## Metric Tensors for Artists

### Table Of Contents

- Practical Example 1: Guided Shortest Paths
- So What is a metric tensor?
- Practical Example 2: Particle Alignment
- Appendix
- References and Project Files

The goal of this article is to give you a brief introduction into the world of metric tensors, and how they can be applied to artistic problems in the computer graphics context.

This article assumes you are familiar with linear algebra in the context of computer graphics.

## Practical Example 1: Guided Shortest Paths

Before I get my hands dirty with any kind of maths explanation, I think seeing a practical application of what we’re going to be working towards, is important.

And the first example of how defining a metric tensor can be useful, is by guiding the output of something like Dijkstra’s algorithm,

See the Pen Untitled by Jake Rice (@tearsofjake) on CodePen.

The idea here is that we can use a metric we define, to weight the edges of an input graph such that it flows along some prescribed vector field. Which leads to really interesting and pretty outputs.

It’s worth messing around with the code pen, toggling between the metric weighted output and the non metric weighted output. I’ve also included some controls for the input noise vector field, and vector visualizers since it’s fun to play with.

## So What is a metric tensor?

I will say for the purposes of this explanation, \(\boldsymbol{v}\) is a vector with a non zero length.

One way to measure the length of vectors is by taking the usual inner product (dot product) of said vector with itself \(\boldsymbol{v^T v}\), the result of this operation is the squared euclidean length of the vector, \(\boldsymbol{v^T v = ||v||^2}\).

Another way of writing this exact same operation is by inserting an identity matrix \(\boldsymbol{I}\) into the mix:

\(\boldsymbol{v^TI v = v^T v = ||v||^2}\)

However, let’s suppose that we replace the matrix \(\boldsymbol{I}\) with some arbitrary positive definite matrix \(\boldsymbol{M}\). Then if we do the same operation \(\boldsymbol{v^TM v}\) the result tells us how long of a distance \(\boldsymbol{v}\) spans, with some stretch factor from \(\boldsymbol{M}\) applied to it.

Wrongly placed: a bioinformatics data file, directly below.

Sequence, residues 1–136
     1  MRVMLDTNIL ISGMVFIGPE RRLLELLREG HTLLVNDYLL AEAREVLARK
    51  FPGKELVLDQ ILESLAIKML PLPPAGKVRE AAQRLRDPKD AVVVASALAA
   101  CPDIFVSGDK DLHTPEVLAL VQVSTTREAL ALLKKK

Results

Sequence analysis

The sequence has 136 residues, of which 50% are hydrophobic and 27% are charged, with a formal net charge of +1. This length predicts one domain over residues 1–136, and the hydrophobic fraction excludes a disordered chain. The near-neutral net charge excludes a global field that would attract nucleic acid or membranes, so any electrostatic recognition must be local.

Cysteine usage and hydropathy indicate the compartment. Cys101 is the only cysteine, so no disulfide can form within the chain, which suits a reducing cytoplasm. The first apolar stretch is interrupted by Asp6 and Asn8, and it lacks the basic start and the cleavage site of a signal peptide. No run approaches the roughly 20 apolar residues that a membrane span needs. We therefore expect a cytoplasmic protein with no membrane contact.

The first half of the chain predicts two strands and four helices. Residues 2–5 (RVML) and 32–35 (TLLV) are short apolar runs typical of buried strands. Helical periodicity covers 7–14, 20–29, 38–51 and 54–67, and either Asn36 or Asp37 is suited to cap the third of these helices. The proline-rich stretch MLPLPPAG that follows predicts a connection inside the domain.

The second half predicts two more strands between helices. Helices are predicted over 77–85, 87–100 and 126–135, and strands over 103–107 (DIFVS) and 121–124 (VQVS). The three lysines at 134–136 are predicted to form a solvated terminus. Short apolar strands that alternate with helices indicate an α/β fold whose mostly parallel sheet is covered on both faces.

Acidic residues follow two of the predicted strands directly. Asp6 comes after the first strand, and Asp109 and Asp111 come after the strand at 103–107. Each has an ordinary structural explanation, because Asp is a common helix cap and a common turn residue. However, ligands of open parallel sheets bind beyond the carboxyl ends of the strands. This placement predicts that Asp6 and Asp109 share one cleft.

The term positive definite is doing some heavy lifting, what does that actually mean? For our purposes, \(\boldsymbol{M}\) just needs to be a matrix such that it satisfies the following statement:

\(\boldsymbol{v^TM v \gt 0}\)

for all vectors \(\boldsymbol{v}\). As long as \(\boldsymbol{M}\) does not somehow warp any vector so far as to make it return a negative value when dotted against itself, then we can say \(\boldsymbol{M}\) is positive definite.

Another property of positive definite matrices, is that their eigenvalues will always be positive. The geometric intuition here is that eigenvalues define the amount of stretch a given eigenvector will apply to a vector \(\boldsymbol{v}\) when the matrix is applied to it. In other words if we stretch space by some negative amount along a specific direction with our matrix \(\boldsymbol{M}\), then for some non zero vector \(\boldsymbol{v}\), the rule we described above, \(\boldsymbol{v^TM v \gt 0}\), will no longer be satisfied.

**All of the above is an incredibly long winded way of saying, if we apply some stretching of space, we need to make sure distances remain positive no matter what.**

I’m not sure if this needs to be said, but negative distances are impossible. If I got an alert that my Amazon package was **-30 Miles** from my house I’d throw up! I need that order of Flushable Wipes ASAP!

So to finally answer the question of what is a metric tensor, a metric tensor is the field of matrices (tensors, it lowkey does not matter) \(\boldsymbol{M}\) for all points in space that allows for defining distances or angles. For manifolds, this is usually described as the Riemannian metric.

To finally explain what we did in the Guided Shortest Paths example, rather than using euclidean distances as our edge weights for Dijkstras Algorithm, we defined a metric tensor on each edge and measured our edge distances using that instead.

The real challenge in applying the above ideas is that we need some way to actually make this tensor field. And not only that, it should hopefully be art directable in some meaningful way, so that you as an artist can focus on making interesting outputs as opposed to crunching numbers.

And lucky for us the paper “Anisotropic Geodesics for Perceptual Grouping and Domain Meshing”[0] by Bougleux et. al, proposes an incredibly easy method for defining an art directable metric tensor field, that is driven purely by a user provided vector field.

In an effort to not bore you with the nitty gritty details of their method, I want to apply the idea to another practical problem, since application is deeply important to actually internalizing things, in my humble opinion. And then in the article’s appendix I’ll spell out the method in detail.

## Practical Example 2: Particle Alignment

A few months ago I saw an interesting question on twitter from Ehsan Parizi, given a random distribution of points, is there a way to organically align the particles into linear-like groups.

I thought this was kind of a cool problem and the first idea that jumped into my brain was to abuse what we know about weighted distances with metrics, to force oriented particles to cluster with similarly oriented particles.

See the Pen Anisotropic Weighted Particle Clustering Thingy.... by Jake Rice (@tearsofjake) on CodePen.